Other types of misplaced guilt include survivor guilt (when you’ve survived a critical event in which others have perished), separation guilt (often experienced by parents, especially mothers), disloyalty guilt (when pursuing our own goals and dreams means breaking away from friends or family) and success guilt (when we are doing better than significant others and feel bad for doing so). There are also, of course, the guilt trips others can and do inflict upon us in an attempt to control or manipulate us into doing what they want us to do.
These kinds of pressures and experiences and the sense of guilt they can cause can have significant consequences for your self-esteem and your sense of self, compromising your ability to live authentically. They can also impact your health and wellbeing in both a physiological and psychological sense.
Guilt has real and tangible impacts on our psychological and emotional health when we’re unable to manage it effectively. Feeling guilty usually creates a level of stress that releases stress hormones like cortisol into our bodies, which in turn can trigger headaches and backaches, shoulder tension and the like. It can also contribute to cardiovascular disease and gastrointestinal disorders and have a negative impact on the immune system over time.
In terms of your psychological wellbeing, guilt is a significant contributor to both depression and anxiety and can have major and long-lasting impacts on your ability to make and maintain relationships with others. Excessive guilt can also lead to consequences such as self-punishment in the form of substance abuse, self-harm and even suicide.
So how do you manage guilt? What does that require?
Essentially, guilt has two parts: trying to make amends for the wrong that was done and forgiveness of self.
The first part of this equation is about making apologies and making amends. It is also about seeking genuine forgiveness for the wrong you have committed. Apologies can be hard to give and give well, especially if you still attempt to protect your ego with excuses or caveats for what has occurred. Whether you intended the wrong or not, the harm done can’t be devalued and diminished if you want to truly make amends for what has happened. As such, taking time to craft an apology can make a difference to the outcome, especially when you make a point of acknowledging the impact that your actions or words have had on the person involved.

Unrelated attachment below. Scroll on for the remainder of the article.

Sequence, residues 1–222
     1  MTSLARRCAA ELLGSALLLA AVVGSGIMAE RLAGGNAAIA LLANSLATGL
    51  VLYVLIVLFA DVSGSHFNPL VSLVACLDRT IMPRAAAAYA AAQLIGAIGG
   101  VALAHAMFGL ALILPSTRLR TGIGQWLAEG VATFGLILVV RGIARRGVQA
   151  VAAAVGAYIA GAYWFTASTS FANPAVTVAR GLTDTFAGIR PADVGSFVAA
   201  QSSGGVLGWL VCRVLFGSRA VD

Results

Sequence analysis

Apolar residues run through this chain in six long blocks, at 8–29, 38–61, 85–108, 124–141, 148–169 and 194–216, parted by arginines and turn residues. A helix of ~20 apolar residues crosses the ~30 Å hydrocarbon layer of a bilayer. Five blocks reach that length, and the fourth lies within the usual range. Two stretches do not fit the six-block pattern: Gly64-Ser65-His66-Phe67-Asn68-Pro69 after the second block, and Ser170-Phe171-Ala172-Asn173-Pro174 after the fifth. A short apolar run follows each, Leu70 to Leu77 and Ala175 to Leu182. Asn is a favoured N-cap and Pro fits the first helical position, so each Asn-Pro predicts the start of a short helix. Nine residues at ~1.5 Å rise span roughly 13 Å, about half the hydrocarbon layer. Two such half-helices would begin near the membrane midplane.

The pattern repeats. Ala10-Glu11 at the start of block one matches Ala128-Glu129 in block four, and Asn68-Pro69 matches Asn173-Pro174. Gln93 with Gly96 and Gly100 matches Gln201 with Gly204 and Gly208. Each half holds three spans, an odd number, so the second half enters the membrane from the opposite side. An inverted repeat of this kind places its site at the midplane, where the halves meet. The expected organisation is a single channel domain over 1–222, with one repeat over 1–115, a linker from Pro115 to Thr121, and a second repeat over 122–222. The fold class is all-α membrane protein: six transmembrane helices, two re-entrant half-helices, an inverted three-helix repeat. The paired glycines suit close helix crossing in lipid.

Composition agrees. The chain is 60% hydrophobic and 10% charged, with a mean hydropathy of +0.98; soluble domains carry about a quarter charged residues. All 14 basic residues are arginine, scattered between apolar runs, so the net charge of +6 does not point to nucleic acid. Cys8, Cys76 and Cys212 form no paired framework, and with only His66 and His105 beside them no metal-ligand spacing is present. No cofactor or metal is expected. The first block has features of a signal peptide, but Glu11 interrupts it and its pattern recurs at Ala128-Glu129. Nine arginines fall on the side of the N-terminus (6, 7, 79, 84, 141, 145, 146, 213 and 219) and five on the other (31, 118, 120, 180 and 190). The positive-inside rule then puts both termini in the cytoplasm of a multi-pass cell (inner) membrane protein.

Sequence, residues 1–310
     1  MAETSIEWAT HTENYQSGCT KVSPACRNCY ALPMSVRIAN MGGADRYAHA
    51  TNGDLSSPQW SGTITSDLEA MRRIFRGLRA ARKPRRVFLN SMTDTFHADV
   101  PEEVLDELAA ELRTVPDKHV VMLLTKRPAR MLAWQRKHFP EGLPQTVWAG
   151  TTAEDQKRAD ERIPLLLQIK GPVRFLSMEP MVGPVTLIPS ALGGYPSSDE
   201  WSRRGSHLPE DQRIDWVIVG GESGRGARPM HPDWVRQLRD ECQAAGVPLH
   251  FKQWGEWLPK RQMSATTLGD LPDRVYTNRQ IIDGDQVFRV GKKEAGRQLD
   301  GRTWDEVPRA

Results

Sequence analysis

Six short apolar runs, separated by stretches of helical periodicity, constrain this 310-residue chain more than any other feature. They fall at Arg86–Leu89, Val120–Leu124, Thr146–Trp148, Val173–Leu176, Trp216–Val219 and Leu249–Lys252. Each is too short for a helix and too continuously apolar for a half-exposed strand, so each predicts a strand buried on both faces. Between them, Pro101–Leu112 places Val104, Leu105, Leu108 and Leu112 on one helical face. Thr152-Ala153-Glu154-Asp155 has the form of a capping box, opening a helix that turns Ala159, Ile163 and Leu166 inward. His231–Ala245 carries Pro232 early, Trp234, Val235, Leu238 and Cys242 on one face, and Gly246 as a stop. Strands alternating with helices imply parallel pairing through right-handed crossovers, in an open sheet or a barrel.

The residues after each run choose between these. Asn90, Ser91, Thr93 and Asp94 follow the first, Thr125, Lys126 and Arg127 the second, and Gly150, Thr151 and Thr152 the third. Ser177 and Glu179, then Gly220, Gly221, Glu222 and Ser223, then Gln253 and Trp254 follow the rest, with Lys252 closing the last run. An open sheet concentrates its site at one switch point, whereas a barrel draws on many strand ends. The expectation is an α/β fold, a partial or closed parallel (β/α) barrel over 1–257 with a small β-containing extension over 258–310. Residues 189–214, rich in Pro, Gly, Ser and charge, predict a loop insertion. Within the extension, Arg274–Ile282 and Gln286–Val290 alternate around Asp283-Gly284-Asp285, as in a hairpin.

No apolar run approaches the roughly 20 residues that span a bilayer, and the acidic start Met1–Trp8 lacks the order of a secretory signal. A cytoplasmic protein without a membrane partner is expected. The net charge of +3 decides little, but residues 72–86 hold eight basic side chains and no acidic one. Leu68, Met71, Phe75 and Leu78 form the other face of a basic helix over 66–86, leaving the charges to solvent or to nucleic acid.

While a genuine apology is always the best way to approach someone you’ve hurt, it cannot guarantee forgiveness; nor can it guarantee a relationship can continue the way it has, if at all. When we don’t get the outcome we wish for — forgiveness from the person we wronged and/or the chance to make amends — guilt can persist and become even more pervasive.
It is here that the second part of managing guilt comes to the fore. With or without the forgiveness of others we must be able to forgive ourselves if we want to truly move on from past mistakes instead of carrying the discomfort with us.
Forgiving yourself requires honesty and self-acceptance. It is difficult to do and can sometimes to be viewed — inaccurately — as an attempt to excuse yourself from the mistakes you’ve made and the harm you’ve caused.
Yet it isn’t an act that condones or excuses what you have done. Instead, when you practise self-forgiveness properly you don’t diminish the wrong; you highlight it, examining the circumstances and your behaviour and learning from it. You take a full account of the events and full responsibility for your actions.
Stereotypes, idealised views and the expectations of others can all trigger misplaced or unnecessary guilt.
As such it is a process rather than a decision you simply make. You have to acknowledge that the guilt you’re feeling isn’t serving a productive purpose and that you will instead have to work your way through the emotional distress the events and their consequences have caused, making sure you do what you have to do to ensure you don’t do the same thing again. In extreme cases, seeking out the help of a professional can be the only way to move through your feelings of guilt to find self-forgiveness.